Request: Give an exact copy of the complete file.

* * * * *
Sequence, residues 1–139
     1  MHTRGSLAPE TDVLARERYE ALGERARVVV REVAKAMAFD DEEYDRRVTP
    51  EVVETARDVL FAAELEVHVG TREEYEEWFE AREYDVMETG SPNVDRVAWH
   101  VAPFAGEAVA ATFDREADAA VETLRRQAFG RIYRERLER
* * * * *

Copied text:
Sequence, residues 1–139
     1  MHTRGSLAPE TDVLARERYE ALGERARVVV REVAKAMAFD DEEYDRRVTP
    51  EVVETARDVL FAAELEVHVG TREEYEEWFE AREYDVMETG SPNVDRVAWH
   101  VAPFAGEAVA ATFDREADAA VETLRRQAFG RIYRERLER